Chris Mullin, chairman of the Home Affairs Committee, allowed hostility to the Freemasons to cloud his judgement in dismissing the objection that Parliament has no more right to demand the exposing of Masons than it has to out members of the Catholic church. But the Masons are in no small part authors of their misfortune. Too often, members in the police force, judiciary and local politics have flouted the Masons' own rules. Craft not graft should be their watchword. Outsiders do not need to know the exact nature of the much-mocked rituals, but when Freemasons are active in public life it behoves them to declare their membership openly. The United Grand Lodge should encourage them to do so. That should go some way towards dispelling suspicions of undue influence over decisions that affect the rest of us.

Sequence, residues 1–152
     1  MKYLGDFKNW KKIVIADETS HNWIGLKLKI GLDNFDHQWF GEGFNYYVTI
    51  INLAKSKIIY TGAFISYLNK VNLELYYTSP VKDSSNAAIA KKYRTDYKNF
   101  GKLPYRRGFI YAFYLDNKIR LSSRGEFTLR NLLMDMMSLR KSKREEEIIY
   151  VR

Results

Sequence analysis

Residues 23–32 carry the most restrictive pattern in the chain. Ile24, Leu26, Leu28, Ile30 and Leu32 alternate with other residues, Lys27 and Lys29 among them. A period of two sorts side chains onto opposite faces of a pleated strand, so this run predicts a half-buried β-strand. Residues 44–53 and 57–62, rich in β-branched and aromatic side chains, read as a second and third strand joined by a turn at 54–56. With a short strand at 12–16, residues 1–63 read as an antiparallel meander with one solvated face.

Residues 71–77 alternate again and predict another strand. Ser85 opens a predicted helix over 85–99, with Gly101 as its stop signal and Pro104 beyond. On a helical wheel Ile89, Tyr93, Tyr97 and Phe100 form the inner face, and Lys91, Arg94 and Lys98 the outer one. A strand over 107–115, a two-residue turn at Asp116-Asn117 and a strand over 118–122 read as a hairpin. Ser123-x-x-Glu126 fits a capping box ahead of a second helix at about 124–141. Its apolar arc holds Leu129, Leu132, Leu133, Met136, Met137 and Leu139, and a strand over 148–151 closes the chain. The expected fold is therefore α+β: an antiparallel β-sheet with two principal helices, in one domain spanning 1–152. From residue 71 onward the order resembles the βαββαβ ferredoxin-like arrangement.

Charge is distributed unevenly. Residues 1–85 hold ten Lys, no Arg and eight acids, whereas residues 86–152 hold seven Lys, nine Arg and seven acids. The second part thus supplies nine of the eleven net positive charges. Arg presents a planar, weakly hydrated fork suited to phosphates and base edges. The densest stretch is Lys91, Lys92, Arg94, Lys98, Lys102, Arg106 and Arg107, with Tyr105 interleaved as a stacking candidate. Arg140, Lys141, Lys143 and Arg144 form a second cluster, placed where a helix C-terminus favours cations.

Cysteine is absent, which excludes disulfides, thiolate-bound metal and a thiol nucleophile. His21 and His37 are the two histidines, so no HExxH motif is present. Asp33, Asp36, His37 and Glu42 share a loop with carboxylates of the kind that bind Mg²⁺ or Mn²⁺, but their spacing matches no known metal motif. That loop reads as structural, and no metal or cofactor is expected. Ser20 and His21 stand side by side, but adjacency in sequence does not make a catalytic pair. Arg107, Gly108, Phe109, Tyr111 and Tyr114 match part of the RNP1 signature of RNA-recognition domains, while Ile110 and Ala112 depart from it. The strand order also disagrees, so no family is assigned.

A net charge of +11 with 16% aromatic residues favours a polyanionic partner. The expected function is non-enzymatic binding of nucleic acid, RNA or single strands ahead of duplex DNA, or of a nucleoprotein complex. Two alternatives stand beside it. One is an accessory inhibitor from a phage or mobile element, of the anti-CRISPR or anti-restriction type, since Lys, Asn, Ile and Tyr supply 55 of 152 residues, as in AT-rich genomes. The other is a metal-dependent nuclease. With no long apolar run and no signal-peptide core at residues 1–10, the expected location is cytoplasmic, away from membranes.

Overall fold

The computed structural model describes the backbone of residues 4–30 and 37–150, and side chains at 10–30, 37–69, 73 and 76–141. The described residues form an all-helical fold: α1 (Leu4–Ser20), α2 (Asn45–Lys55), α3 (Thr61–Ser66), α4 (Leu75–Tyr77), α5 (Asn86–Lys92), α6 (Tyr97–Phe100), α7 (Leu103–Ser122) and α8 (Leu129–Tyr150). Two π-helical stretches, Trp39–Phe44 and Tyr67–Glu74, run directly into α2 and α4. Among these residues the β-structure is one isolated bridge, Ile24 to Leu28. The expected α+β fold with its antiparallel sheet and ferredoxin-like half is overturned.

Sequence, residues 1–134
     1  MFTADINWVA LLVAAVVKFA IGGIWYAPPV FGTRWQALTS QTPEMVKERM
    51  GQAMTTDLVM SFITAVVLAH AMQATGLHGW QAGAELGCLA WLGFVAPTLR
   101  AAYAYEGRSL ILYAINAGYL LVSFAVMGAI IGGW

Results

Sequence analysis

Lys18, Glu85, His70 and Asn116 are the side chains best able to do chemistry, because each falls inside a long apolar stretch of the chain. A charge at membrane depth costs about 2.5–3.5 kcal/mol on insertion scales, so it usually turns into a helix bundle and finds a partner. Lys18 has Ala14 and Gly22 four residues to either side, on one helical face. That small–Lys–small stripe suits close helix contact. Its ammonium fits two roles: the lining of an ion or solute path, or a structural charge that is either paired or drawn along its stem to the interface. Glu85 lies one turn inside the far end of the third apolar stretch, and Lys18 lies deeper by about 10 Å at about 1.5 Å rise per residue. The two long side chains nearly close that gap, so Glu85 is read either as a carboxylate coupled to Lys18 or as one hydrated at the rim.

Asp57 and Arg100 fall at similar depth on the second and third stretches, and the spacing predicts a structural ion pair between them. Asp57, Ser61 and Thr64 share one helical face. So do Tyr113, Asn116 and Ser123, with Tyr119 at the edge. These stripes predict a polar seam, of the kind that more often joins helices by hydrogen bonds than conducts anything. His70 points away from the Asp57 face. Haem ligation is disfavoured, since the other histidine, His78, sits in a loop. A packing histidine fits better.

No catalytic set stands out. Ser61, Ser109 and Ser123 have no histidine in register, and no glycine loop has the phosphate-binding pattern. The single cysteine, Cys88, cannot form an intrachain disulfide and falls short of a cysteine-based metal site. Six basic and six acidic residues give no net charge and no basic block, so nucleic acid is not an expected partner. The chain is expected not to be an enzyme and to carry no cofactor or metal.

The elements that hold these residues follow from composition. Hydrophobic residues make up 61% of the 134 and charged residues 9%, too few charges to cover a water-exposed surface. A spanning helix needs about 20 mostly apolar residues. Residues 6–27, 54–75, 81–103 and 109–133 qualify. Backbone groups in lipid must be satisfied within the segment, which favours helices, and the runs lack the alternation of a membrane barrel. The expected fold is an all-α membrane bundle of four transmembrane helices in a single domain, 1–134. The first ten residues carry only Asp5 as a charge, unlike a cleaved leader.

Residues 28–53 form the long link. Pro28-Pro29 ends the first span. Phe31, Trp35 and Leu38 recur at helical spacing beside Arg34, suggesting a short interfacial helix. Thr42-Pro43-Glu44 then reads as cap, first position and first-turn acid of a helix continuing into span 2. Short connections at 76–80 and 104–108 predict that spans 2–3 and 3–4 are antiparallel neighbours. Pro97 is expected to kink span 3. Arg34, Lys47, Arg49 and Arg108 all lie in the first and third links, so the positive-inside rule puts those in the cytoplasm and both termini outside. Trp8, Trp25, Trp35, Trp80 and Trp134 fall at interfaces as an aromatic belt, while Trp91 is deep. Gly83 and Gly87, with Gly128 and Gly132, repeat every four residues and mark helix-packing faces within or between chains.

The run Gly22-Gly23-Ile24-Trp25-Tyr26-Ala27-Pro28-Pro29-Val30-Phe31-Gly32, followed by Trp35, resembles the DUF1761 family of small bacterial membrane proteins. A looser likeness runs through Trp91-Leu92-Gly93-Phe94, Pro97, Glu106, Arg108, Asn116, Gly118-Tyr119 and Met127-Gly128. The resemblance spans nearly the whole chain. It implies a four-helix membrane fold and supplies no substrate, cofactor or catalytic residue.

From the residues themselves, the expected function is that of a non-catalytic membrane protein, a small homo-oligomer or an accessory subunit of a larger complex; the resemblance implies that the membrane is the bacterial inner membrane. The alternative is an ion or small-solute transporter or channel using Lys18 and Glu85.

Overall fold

PARLIAMENTARY moves to force Freemasons to declare their membership have the unusual effect of raising liberal voices in support of the Craft. To avoid any misunderstanding, we declare that the IoS is not a redoubt of Masonry. But we do believe that civil society is sustained by the associations that form the interface between individual and state. One of the shortcomings of Thatcherism was its neglect of communities. This government has shown far more awareness of the importance of networks and trust. But we must accept that even associations with which we do not readily identify have the right to prosper, so long as they pose no threat to others. This belief is not restricted to libertarians: Rosa Luxemburg, the German socialist, preached that "freedom is also the freedom of those who think differently".